Serious hacking threat to newest WordPress?
Recently, my site was hacked. I’ve found that what hit me, hit also
hundreds (and very likely many thousands) sites! The sites affected
are running mostly WordPress blogs, but I saw some forums and other
CMSes being hacked as well (although a WP installation may exist on
those servers and only the malicious code is embeded in other CMSes).
– Moodle: http://www.google.pl/search?sourceid=chrome&ie=UTF-8&q=site:elearning.emate.ucr.ac.cr+loan
– SMF forum: http://www.google.pl/search?sourceid=chrome&ie=UTF-8&q=site:spinnershome.net+loan
I ask you to help me get to the bottom of this and find the bug.
Please note, that it is quite hard to notice the hack if you don’t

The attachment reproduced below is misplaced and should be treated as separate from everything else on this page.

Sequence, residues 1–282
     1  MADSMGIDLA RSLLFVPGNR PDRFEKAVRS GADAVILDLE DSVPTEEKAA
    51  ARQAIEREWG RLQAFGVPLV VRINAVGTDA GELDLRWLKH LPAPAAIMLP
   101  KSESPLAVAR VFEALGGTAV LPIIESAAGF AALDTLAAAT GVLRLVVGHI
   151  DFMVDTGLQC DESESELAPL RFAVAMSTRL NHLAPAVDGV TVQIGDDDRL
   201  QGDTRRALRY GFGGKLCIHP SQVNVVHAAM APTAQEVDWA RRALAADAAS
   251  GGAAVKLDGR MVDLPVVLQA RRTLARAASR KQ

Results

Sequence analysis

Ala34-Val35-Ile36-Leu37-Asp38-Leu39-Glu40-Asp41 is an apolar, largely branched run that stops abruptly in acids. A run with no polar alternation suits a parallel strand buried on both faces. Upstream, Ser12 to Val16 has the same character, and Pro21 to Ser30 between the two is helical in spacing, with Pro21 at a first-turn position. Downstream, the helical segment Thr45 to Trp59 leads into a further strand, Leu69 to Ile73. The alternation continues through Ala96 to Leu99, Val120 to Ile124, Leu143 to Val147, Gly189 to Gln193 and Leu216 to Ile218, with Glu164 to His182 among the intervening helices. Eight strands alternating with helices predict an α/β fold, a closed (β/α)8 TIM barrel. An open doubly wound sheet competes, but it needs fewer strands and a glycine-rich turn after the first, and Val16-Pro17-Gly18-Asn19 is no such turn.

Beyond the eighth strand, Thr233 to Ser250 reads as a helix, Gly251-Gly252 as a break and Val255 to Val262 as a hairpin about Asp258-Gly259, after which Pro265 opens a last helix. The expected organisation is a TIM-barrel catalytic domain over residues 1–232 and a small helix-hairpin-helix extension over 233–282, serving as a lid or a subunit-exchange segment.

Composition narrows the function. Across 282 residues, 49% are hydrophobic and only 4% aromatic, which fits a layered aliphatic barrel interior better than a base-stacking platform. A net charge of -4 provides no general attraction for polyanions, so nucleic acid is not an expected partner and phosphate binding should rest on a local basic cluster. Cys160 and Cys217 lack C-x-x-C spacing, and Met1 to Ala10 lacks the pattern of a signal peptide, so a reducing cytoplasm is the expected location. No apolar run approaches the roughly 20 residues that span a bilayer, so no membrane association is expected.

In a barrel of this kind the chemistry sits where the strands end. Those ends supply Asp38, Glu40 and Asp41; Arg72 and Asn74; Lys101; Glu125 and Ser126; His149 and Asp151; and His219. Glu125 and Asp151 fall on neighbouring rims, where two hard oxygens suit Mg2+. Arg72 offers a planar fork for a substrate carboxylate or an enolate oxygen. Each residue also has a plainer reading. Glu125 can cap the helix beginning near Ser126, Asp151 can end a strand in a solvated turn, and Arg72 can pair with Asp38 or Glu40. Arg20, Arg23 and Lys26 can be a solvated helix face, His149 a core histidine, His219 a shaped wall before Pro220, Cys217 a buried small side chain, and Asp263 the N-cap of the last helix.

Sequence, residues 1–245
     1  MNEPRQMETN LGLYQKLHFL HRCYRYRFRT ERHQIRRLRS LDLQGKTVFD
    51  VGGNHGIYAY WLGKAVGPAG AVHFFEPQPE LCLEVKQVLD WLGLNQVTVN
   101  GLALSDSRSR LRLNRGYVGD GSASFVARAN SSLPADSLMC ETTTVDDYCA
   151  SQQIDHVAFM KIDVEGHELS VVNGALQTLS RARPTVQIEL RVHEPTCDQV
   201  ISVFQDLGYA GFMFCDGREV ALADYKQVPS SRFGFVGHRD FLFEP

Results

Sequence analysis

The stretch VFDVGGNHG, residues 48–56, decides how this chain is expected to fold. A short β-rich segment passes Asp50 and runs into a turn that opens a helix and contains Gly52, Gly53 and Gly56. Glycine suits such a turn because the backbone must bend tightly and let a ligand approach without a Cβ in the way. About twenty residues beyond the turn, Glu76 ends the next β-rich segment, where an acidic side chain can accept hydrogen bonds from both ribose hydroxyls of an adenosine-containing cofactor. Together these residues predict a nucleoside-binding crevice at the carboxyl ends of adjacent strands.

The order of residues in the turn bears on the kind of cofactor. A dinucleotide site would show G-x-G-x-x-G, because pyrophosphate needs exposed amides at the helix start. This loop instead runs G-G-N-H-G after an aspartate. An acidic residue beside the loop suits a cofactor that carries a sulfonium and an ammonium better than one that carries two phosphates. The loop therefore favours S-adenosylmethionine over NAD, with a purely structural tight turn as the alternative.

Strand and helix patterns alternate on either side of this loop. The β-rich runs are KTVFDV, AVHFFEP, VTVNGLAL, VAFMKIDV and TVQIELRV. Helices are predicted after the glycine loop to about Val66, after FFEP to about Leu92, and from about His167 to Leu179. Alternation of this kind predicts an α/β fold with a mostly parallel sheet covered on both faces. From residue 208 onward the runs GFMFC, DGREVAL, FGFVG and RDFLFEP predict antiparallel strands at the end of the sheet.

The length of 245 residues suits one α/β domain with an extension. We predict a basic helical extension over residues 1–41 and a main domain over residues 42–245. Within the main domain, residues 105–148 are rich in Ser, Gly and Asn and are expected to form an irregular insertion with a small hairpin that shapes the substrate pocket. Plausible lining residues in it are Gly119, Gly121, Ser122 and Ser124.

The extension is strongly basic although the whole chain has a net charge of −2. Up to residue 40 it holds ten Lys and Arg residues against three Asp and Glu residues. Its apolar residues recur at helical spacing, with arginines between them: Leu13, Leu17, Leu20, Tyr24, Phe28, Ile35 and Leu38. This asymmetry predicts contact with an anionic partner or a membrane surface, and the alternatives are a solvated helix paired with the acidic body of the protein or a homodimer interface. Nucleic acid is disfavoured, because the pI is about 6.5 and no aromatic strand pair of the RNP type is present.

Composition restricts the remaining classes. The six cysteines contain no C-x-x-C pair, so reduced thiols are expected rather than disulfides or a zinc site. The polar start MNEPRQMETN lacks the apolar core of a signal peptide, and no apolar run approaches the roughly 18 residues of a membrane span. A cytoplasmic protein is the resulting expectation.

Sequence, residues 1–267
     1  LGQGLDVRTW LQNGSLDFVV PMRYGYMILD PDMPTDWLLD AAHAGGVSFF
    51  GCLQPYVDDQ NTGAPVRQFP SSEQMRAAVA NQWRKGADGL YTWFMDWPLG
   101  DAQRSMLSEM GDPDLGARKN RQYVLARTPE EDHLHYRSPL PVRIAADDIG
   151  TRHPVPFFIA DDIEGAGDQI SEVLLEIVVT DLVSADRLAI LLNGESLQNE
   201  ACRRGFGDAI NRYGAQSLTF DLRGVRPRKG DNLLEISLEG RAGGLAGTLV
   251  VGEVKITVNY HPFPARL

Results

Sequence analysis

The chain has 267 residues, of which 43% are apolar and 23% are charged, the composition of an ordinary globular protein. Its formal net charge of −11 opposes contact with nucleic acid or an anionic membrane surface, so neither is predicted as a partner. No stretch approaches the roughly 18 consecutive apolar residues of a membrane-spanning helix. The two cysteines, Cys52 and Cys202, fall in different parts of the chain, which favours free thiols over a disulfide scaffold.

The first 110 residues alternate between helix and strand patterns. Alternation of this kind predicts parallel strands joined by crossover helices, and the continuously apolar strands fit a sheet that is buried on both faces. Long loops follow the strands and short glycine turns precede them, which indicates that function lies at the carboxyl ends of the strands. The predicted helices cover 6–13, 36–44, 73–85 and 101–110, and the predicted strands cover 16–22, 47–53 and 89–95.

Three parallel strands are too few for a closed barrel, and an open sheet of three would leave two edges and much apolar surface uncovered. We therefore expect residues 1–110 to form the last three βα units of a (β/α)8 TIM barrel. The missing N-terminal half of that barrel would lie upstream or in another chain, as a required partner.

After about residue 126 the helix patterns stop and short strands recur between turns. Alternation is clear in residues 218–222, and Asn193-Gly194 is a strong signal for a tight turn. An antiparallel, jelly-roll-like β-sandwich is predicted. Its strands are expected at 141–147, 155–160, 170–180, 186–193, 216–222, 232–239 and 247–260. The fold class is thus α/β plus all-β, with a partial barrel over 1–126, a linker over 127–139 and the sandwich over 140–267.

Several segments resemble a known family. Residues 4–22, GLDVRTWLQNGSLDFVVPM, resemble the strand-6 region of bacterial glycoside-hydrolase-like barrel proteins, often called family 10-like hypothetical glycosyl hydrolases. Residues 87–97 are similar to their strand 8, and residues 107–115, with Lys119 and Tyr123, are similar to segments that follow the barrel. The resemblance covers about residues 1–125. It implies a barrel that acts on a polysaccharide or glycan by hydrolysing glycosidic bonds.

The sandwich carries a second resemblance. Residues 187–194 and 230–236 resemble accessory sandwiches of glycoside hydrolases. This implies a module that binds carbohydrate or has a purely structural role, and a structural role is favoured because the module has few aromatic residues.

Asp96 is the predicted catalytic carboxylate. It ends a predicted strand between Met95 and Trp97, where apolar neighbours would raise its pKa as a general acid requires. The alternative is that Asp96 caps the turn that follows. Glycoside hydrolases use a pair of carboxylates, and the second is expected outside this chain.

look for it. Check Google with the following phrase:
Where “example.com” is your domain (or some affected domain). You’ll
see a lot of crap that you didn’t even know existed.
First, a list of sites that link to my hacked site (so they’re also hacked):
NOTE that you will not see the malicious text, it shows up only to
crawlers. BUT if you run the Google’s site: search, you’ll notice it.
About 10 of those hundreds of pages are viable links, rest is due to
this hacking going on. And that’s only the sites that link to mine
after a few days. My address is blogtimes.pl which occurs a few times
as I link to myself obviously.
I was/am running the latest WordPress installation (3.0.1) with some
daily updated plugins:
Akismet, All in one SEO Pack, Broken Link Checker, FD Feedburner